Ukraine: Daily Briefing – November 13, 2017, 6 PM Kyiv time

Ukraine: Daily Briefing
November 13, 2017, 6 PM Kyiv time
November 11 – Operation UNIFIER members participate in multinational Remembrance Day ceremony at the International Peacekeeping and Security Centre in Ukraine. Photo – Joint Task Force-Ukraine
1. Russian Invasion of Ukraine
The General Staff of Ukraine’s Armed Forces reported at 12:30 PM Kyiv time that in the last 24 hours, no Ukrainian soldiers were killed or wounded in action. In the last 24 hours, Russian-terrorist forces escalated attacks on Ukrainian positions. In the last 24 hours, Russian-terrorist forces opened fire on Ukrainian positions 33 times in total on the Donetsk, Luhansk and Mariupol sectors of the front, including at least 7 times with heavy weapons.
2. Interview with Commanding Officer of Operation UNIFIER
Lt. Col. Kristopher Reeves, Commanding Officer of Operation UNIFIER, Canada’s military training mission in Ukraine, was interviewed recently by UATV. To watch the interview, please click on the image below.
Lt. Col. Reeves: Canada is learning Ukraine's tactics on battling hybrid threats
Lt. Col. Reeves: Canada is learning Ukraine’s tactics on battling hybrid threats
3. Members of European Parliament want deeper EU ties with Ukraine, Georgia, Moldova
The European Parliament is proposing new ways to intensify relations with Ukraine, Georgia and Moldova ahead of the Eastern Partnership Summit on November 24. The European Parliament stated, “Ukraine, Georgia and Moldova are working hard to forge closer links with the EU, in spite of strong resistance from Russia. They already benefit from visa-free travel to the EU as well as increased commercial opportunities thanks to free-trade agreements.
           A new Parliament report is now calling to deepen this collaboration further and find new ways to support the countries on the EU’s eastern borders. The own-initiative report has already been adopted by the foreign affairs committee and will be voted on by all MEPs during the November plenary session in Strasbourg. The main focus is on Ukraine, Georgia and Moldova, three countries which have recently achieved major progress in the cooperation with the EU. […]
         Topping the list of recommendations is the establishment of a trust fund for Ukraine, Georgia and Moldova. The trust fund is a development tool for quick and flexible EU response to crisis and post-crisis situations. It would pool resources from public and private donors for investment in projects aiming to improve socioeconomic structures.
         The committee also recommends increased support for economic reforms and upgrading the current partnership as a way of rewarding progress on EU-related reforms by partner countries. This upgrade could provide access to the EU’s customs or energy union, for example.
          Lithuanian EPP member Laima Andrikien, one of the authors of the Parliament report, said: ‘The creation of an Eastern Partnership Plus model for associated countries with the possibility of a future membership in the customs, energy and digital union is crucial.'”

The draft report is available here

4. S&P affirms ratings on Ukraine at ‘B-/B’; Outlook stable
On November 10, Standard and Poor’s Global Ratings affirmed Ukraine’s ‘B-/B’ long- and short-term foreign and local currency sovereign credit ratings on Ukraine. The outlook on the long-term foreign and local currency ratings is stable. S&P stated, “Important reforms that pave the way for the disbursement of the next tranche of support from the International Monetary Fund are under way, but external refinancing needs, especially in 2019-2021, loom large. […] The stable outlook reflects our view that over the next 12 months the Ukrainian government will maintain access to official creditor support by pursuing fiscal, financial, and economic reforms.”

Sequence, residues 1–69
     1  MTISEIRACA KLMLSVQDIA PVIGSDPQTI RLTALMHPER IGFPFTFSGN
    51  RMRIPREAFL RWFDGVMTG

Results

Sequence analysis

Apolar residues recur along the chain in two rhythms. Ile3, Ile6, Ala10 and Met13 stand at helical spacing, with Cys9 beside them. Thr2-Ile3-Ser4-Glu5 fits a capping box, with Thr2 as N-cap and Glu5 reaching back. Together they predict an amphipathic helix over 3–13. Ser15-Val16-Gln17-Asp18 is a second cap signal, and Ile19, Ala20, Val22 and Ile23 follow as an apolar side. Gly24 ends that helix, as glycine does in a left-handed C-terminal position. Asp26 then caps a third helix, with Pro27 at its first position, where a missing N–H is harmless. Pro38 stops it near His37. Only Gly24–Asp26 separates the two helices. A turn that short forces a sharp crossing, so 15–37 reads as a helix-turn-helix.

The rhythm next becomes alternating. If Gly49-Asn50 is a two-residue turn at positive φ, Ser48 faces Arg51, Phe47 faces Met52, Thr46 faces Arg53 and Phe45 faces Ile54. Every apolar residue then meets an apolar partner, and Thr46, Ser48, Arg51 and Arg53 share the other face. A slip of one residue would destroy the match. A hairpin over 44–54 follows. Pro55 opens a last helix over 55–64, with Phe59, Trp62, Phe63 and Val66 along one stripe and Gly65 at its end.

5. US Mission to OSCE on Russia’s ongoing violations of international law in Ukraine
The US Mission to the OSCE stated on November 9, “The United States notes with great concern that the fighting fomented by Russian aggression in eastern Ukraine is again on the verge of causing a significant humanitarian disaster. […]On the evenings of November 2, 3, and 4, the Donetsk Water Filtration Station was damaged by shelling. These attacks were not random. At one point, the effects of the fire that resulted ruptured a chlorine gas pipe. Only by a stroke of luck was the pipe not in use at the time, preventing a chlorine gas leak. […]
          The United States reiterates its calls on Russia and the anti-government forces it continues to arm, train, lead, and fight alongside, to obtain serious commitments to a full ceasefire. […]
          In Crimea, the serious abuse faced by Crimean Tatars, ethnic Ukrainians, and any groups or individuals that the Russian Federation suspects of opposing its occupation, continues unabated. […] The United States reiterates, once again, its calls for the release of all Ukrainian citizens illegally held or sentenced in Russia. […]
          The United States fully supports Ukraine’s sovereignty, independence, and territorial integrity within its internationally-recognized borders. We do not, nor will we ever, recognize Russia’s purported annexation of Crimea. Crimea-related sanctions on Russia will remain in place until Russia returns full control of the peninsula to Ukraine. We join our European and other partners in restating that our sanctions against Russia for its aggression in eastern Ukraine will remain until Russia fully implements its commitments under the Minsk agreements.”

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